The Drentsche Partridge Dog is an old breed, one that probably originated in the 16th century from Spanish pointing dogs called Spioenen, or Spanjoelenn (from the Spanish word, Espagna). The Dutch originally called the breed partridge dogs for the obvious reason that they were used to hunt these mid sized birds (and despite the whole partridge-in-a-pear tree thing, the 56 partridge species are ground-dwellers). In the early years, the province of Drenthe was rather isolated from the rest of the country, and this is why the breed was successfully kept pure-bred. The only dog that may have been used at some point might have been the German Heidewachtel.
Our post now, however, addresses color and markings in the handsome Drent. The breed is white with brown plates, and white should be greater than fifty percent of the dog’s coat. The brown ranges from a rich dark mahogany brown or shades of Hershey milk-chocolate to lighter shades of brown that can nearly appear reddish orange. Small spots that may or may not appear are called “spikkels,“and they are loved by some, not so much by others. Generally speaking, our impression is that less is more.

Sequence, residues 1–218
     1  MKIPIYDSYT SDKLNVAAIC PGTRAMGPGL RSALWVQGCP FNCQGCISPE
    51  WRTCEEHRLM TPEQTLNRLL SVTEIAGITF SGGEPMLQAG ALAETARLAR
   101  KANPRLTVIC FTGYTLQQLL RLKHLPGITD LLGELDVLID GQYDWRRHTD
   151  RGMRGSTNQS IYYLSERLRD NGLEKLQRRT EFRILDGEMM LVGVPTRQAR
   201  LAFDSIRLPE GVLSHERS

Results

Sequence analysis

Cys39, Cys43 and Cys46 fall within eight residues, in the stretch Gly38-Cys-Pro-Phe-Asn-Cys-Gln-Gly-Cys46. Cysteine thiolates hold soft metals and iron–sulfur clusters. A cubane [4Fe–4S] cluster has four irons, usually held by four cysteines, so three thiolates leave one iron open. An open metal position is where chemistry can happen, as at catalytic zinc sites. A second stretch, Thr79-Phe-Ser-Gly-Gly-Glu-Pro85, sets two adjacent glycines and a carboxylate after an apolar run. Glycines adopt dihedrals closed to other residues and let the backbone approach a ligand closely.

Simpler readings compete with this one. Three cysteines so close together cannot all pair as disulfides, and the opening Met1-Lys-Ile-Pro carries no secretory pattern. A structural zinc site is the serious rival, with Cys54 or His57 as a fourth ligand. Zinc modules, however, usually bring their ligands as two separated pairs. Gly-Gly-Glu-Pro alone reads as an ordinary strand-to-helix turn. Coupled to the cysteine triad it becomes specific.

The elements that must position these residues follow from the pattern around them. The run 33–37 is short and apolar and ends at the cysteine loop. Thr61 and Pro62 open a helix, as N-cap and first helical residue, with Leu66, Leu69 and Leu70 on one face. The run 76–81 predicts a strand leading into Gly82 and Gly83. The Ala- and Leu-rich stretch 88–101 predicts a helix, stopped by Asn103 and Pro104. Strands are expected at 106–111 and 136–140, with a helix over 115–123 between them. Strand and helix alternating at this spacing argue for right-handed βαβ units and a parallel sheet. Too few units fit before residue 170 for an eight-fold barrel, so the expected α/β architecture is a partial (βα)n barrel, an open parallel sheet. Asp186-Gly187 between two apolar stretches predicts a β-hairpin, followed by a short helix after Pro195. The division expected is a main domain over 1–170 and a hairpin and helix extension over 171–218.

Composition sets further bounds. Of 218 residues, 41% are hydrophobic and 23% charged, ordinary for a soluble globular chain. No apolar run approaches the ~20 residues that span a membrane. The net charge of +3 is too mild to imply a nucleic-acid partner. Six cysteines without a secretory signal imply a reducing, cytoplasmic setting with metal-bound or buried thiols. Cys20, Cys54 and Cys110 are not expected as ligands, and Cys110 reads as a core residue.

Mixtures of brown and white hairs are called “schimmel,” literally the word in Dutch for mold or fungus. As the name suggests, it’s not terribly favored, but it is allowed. That said, a dog covered in schimmel could be disqualified because it wouldn’t be 50% white. Solid brown heads are allowed, as well as white blazes, but a mantle in the United States isn’t desirable (the breed is currently on the AKC’s Foundation Stock Service) and depending upon the degree of seriousness, it could be a fault.
All that aside, the Drent is a marvelous hunting dog particularly because it can switch gears quickly. To a hunter, this means it can work on a variety of upland game and waterfowl, from aspen thickets to high-desert sagebrush. After the shot, the Drent smartly retrieves both from both land and water with determination and efficiency.
By the way, the breed is pronounced da’rinse-ah puh’trice-hoon.
Image: Drentsche Patrijshond Rüde by Stefanie Joksch is shared through the Creative Commons Attribution-Share Alike 4.0